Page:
Version tested: PlayStation 3
For the video game sightseer drawn to urban breadth and spectacle, nothing yet beats Grand Theft Auto's Liberty City. It's a sprawling virtual capital with distinct districts, diverse architectural influences and landmarks that imprint the memory.
But if you want authenticity and depth, Yakuza 4's grimy Kamurocho is the go-to destination. The geography may be more limited than in Rockstar's city, but its ambition is no shorter. And it's in the details that Kamurocho – a semi-fictional location based closely on Kabukicho, Japan's notorious red light district – beguiles.
In the daytime, the higgledy-piggledy mess of a Tokyo district is in plain view. Tangles of overhead electrical wires bunch like bird nests in a forest of neon and concrete. Buildings hunch shoulder-to-shoulder next to one another, one tall, another squat, their almost-embrace forming tight alleyways all around - narrow tributaries darting off from the main street inviting snug exploration.
Red neon Ka-Ra-O-Ke signs try to out-glare the dreamy eyes of mousse-haired idols on billboards opposite, while every shopfront screams for attention with blasts of bold lettering, and the irrepressible shouts of a staff member, loudspeaker pressed to lips, boasting of its wares.
At night the distant clanging of a construction site gives way to the Babylonian jangling of a city seeking thrills. Young men in medium-priced suits hover at the shoulders of pretty girls, inviting them to sign up to become hostesses at nearby establishments, while professionals loiter with impatient tuts and foot taps awaiting their tardy dates.
The furious rattle of ball bearings can be heard muffled behind the sliding doors of a pachinko parlour, while schoolgirls squeal as their teen suitors try to win them a cuddly toy at the Club SEGA arcade.
Kamurocho has a weighty sense of verisimilitude, not only in its architecture – which can be viewed on high from the rooftops, or at the roots level from underground malls and carparks – but also in its people. Beggars scratch sleepily in shop doorways, while salarymen march purposefully towards their next appointment.
For anyone familiar with contemporary Tokyo, the sights and sounds are pitch-perfect, the main difference being that, dressed as a virtual native Japanese, you now have access to many of the establishments that, as a real-life gaijin, are usually off limits.
We're still some way from being allowed to enter every building in the city, but around 35 per cent of Kamurocho's establishments have doors that open and bellies that can be explored, a fact that moves this video game city away from the dolls house façade of Liberty City and contributes to a new sense of depth.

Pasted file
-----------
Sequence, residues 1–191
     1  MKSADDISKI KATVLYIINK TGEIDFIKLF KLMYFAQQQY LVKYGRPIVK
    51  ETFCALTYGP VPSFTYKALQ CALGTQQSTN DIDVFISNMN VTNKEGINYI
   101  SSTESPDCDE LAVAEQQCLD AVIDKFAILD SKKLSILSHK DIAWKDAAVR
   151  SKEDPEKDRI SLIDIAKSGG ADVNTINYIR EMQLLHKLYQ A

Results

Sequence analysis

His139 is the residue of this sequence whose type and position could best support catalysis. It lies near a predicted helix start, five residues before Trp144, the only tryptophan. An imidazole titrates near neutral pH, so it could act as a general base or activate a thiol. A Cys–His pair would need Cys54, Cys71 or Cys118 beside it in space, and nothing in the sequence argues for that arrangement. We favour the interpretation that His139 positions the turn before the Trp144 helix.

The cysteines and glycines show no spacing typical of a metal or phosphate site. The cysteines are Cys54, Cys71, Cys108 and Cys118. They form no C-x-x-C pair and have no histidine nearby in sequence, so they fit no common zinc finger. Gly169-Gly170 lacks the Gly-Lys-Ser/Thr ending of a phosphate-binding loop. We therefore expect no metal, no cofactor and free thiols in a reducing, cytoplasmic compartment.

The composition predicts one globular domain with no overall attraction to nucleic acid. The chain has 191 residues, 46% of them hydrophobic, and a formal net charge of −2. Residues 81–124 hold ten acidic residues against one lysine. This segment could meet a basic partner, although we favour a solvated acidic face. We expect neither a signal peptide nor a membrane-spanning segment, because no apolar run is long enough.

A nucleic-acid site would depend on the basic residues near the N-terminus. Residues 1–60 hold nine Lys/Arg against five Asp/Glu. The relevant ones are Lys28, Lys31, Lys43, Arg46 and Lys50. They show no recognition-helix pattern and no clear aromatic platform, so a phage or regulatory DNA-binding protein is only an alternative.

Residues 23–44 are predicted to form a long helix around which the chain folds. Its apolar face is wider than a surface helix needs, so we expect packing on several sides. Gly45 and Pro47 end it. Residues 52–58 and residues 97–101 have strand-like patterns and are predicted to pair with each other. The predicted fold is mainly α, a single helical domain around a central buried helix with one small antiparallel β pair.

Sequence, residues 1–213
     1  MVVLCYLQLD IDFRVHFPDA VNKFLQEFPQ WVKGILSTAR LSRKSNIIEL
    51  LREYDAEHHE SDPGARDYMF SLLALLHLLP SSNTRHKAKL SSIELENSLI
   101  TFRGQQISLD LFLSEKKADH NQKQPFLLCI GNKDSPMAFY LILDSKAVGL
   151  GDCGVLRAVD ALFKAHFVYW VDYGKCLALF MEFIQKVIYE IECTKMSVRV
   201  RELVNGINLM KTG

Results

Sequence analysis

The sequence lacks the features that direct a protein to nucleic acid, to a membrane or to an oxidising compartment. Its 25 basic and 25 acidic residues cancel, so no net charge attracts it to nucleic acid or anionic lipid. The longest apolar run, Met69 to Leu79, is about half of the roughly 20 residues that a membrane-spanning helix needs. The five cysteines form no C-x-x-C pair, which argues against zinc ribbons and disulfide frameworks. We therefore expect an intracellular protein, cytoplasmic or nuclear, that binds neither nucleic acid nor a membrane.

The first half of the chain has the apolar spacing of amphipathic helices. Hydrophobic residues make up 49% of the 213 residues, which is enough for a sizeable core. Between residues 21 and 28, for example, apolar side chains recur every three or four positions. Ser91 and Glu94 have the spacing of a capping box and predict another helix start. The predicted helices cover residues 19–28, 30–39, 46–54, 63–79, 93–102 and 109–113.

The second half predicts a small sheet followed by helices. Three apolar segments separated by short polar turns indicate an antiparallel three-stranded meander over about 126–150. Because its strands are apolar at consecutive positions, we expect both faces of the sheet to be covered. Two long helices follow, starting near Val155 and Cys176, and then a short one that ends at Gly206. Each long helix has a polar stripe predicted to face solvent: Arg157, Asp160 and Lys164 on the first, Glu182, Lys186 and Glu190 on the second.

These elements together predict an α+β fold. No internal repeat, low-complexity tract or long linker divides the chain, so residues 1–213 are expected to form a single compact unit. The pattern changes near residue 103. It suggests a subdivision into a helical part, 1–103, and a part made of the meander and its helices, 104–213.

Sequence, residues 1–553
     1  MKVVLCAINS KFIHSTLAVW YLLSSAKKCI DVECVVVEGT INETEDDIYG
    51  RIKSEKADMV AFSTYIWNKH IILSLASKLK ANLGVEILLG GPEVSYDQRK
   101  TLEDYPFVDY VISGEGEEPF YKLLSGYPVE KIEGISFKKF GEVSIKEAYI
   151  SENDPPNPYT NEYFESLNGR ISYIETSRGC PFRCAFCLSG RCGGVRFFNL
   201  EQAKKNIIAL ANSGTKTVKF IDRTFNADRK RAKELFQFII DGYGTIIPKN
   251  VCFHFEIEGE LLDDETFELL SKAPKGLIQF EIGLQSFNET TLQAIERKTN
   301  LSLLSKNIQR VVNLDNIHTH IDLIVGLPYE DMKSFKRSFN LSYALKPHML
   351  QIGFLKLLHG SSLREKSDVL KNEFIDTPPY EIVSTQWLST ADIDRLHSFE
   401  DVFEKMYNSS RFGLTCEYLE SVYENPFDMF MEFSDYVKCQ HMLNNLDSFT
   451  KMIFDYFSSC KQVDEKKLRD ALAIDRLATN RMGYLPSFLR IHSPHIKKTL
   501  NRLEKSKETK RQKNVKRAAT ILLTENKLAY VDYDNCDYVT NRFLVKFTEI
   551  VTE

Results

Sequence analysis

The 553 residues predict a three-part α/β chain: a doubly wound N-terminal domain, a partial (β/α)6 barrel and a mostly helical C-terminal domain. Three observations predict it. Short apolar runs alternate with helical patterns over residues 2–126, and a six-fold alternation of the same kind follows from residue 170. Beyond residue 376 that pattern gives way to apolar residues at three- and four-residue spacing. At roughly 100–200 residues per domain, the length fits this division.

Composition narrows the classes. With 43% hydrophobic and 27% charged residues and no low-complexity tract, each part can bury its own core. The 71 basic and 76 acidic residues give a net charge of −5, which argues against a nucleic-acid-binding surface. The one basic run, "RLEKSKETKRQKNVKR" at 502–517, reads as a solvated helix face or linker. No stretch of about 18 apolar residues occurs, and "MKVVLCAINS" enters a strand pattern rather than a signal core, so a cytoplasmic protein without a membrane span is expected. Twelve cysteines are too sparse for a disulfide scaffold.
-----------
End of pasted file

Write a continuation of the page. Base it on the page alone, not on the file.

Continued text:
Who might be behind this door? What adventure lurks at the end of that alleyway? Persuasive questions. And, for once, they regularly come with satisfactory answers.
Because in the main, having set the stage with such care and attention, Yakuza 4 manages to deliver an absorbing story upon it. Four absorbing stories, in fact, as producer Toshihiro Nagoshi chooses to more fully embrace the soap opera structure the series has always enjoyed, shining the spotlight onto an ensemble cast into whose shoes you are invited to step one by one.
The first of these protagonists, with whom you share the first five hours of the game, is arguably the most interesting. A 32-year-old former homeless man, Shun Akiyama runs Sky Finance, loaning money to those who cannot find credit elsewhere. He charges no interest on the loan, but instead requires his clients to engage in volunteer working to demonstrate their trustworthiness prior to receiving the cash.
Akiyama, working so closely with Kamurocho's most needy denizens, also enjoys close contact with the Yakuza, so his philanthropy is tempered by his mean right hook, a tension between moral uprightness and physical depravity that runs through the very centre of the game.
Later you work as Masayoshi Tanimura, a corrupt policeman, Taiga Saejima, a former Yakuza knucklehead on death row, and series stalwart Kazuma Kiryu, the moralising owner of an orphanage. Their stories are separate but intertwined, drawing together for the final portion of the game. As such, the four characters offer variety, but at the expense of complete investment from the player asked to switch between them.